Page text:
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The 15-Seconds Blog

  • Don’t Axe, Do Tell

    Do Media Organizations Understand PR?  Apparrently not if the newly combined Congressional Quarterly and Roll Call newspaper are any evidence.

    It seems The Economist (which owns Roll Call) recently bought CQ and decided that savings could be made by combining the two Washington-based news operations.  Last week 44 staffers were laid off as a result.

    One journalist who survived (for the moment) was Brian Nutting, a sixty-two year old editor with over 27 years of experience at CQ.

    Nutting was none too pleased at the amount of bloodshed and sent an email to his bosses and the entire newsroom demanding answers. Both CQ and Roll Call were reportedly already profitable (an amazing fact given the current state of journalism) and Nutting asked why are so many people being given the axe?

    As will happen in any organzation these days — the email leaked.

    On Monday the combined management of CQ/RC went nuts saying that Nutting “embarrassed” the company with his note.  When the editor refused to retract or apologize — he too was shown the door.  That action too instantly leaked.

    CQ Editorial Director Mike Mills was asked about canning Nutting allegedly for “insubordination.”  His response:

    “Obviously, we can’t discuss personnel matters regarding any one individual.”

    Of course you can.  Especially when you know that everyone else in your newsroom is going to be talking.  Nutting is quoted in the Washington Post , the Politico and elsewhere explaining his actions. To make matters worse for management, it is reported that Nutting had previously volunteered to be laid off if it would save the jobs of two other colleagues.  Now all three are on the street.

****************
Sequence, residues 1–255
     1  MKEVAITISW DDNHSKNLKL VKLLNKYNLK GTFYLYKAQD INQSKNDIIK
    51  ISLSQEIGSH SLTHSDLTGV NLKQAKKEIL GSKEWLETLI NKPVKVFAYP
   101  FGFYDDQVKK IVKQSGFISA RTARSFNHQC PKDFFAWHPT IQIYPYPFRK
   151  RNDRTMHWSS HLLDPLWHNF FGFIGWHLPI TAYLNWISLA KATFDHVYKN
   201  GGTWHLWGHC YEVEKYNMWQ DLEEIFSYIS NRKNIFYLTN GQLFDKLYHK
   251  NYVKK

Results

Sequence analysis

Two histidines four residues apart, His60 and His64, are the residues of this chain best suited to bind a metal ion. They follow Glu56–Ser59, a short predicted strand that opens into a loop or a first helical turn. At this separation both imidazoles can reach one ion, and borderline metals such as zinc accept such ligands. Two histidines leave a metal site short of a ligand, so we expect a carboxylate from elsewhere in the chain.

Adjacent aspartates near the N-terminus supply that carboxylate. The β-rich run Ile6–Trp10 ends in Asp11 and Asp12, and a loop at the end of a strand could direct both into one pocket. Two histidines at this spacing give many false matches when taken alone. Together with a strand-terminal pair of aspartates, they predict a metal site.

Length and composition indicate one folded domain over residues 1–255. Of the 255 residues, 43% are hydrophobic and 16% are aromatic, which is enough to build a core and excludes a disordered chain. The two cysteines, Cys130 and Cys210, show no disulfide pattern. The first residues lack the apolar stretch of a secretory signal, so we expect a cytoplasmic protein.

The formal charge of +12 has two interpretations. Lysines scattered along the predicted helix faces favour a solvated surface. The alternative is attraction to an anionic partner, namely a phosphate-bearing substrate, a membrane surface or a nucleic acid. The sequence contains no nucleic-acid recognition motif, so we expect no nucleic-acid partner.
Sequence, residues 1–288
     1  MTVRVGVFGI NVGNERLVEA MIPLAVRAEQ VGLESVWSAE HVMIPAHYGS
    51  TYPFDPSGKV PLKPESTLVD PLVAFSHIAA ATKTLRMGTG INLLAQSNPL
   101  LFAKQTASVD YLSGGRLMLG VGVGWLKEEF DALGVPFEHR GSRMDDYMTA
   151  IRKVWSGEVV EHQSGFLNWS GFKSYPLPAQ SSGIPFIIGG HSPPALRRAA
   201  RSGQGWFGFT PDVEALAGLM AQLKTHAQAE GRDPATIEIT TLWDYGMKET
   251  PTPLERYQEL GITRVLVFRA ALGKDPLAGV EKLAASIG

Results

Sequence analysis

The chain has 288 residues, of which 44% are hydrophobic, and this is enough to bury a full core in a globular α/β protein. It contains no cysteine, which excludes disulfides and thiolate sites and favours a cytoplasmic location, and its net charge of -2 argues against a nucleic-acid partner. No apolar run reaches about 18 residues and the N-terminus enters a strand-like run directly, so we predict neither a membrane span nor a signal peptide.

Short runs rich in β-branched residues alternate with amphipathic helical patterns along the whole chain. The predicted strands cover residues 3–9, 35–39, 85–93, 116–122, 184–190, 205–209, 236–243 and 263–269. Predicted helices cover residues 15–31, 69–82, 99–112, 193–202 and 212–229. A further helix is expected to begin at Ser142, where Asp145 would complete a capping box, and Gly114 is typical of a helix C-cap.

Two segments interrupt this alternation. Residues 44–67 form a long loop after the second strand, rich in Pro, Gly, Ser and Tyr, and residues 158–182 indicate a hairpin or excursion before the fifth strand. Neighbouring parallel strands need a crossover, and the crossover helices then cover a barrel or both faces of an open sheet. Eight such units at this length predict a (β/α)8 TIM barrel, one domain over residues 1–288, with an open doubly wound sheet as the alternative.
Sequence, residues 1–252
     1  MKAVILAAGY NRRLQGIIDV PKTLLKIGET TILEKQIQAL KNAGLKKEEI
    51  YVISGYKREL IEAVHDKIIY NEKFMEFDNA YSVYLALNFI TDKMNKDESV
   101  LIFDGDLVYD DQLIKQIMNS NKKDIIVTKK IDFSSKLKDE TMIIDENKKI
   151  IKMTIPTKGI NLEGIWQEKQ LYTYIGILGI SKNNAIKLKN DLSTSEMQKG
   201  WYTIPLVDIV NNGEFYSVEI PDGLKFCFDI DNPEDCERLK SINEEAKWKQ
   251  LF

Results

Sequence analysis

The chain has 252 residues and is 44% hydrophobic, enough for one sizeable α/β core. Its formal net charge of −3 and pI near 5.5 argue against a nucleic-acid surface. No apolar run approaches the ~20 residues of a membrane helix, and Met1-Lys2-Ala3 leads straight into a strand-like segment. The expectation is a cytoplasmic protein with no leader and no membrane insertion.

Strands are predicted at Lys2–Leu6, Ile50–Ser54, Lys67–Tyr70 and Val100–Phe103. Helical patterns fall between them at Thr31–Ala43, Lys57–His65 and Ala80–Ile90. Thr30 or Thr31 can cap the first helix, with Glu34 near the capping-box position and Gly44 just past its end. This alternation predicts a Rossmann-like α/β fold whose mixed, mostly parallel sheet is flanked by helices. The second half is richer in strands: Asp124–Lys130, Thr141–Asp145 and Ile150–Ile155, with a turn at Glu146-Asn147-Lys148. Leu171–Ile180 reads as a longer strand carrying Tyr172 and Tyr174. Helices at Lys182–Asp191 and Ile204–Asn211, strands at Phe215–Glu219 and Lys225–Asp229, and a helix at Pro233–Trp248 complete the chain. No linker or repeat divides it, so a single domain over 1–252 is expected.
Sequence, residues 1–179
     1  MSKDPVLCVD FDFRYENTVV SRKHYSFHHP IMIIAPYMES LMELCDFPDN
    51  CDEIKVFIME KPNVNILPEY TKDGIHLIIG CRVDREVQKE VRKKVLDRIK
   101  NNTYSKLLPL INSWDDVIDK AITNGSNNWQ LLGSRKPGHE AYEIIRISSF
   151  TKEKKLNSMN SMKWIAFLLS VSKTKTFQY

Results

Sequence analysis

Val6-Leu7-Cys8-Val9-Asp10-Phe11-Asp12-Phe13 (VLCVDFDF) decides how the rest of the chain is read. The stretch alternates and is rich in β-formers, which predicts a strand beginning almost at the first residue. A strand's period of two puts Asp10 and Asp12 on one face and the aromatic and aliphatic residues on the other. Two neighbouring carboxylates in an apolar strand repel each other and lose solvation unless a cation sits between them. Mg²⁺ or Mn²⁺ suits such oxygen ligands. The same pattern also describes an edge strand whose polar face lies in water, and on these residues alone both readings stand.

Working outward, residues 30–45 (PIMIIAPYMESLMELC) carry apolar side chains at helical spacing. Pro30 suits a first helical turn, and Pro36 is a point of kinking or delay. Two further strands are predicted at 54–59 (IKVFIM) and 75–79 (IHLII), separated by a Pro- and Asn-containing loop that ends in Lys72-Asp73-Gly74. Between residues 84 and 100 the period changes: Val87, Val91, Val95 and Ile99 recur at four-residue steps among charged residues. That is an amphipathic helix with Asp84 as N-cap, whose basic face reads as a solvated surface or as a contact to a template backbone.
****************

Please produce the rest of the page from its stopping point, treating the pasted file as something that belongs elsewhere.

The only reason for CQ/RC not defending themselves is that their actions are indefensible.

    They created a bad situation — made it worse — and then doubled down on the PR disaster.   What was a (self-created) one day bad new story — has now become a continuing black eye for the news organization with reporters from across town and across the blogosphere eager to pile on.

    You would think that news organizations, which feast on government and corporate malfeasance, would go to school on what they see and not duplicate the most ham-handed efforts they see in handling sensitive issues.

    In this case, CQ/RC has done the impossible — they have made the government look enlightened when it comes to handling personnel matters.

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  • You Can’t Makeup This Stuff

    East Cleveland, Ohio Mayor Eric Brewer’s campaign for reelection suffered a serious blow last week when someone anonymously sent local newsmedia photos which allegedly show Hizzoner dressed up as a woman.  Some of the photos reveal Brewer in ladies lingerie and others are reportedly too graphic for TV.

    So…what was the mayor’s response?  Did he deny the pictures were of him?  Or quietly slip away?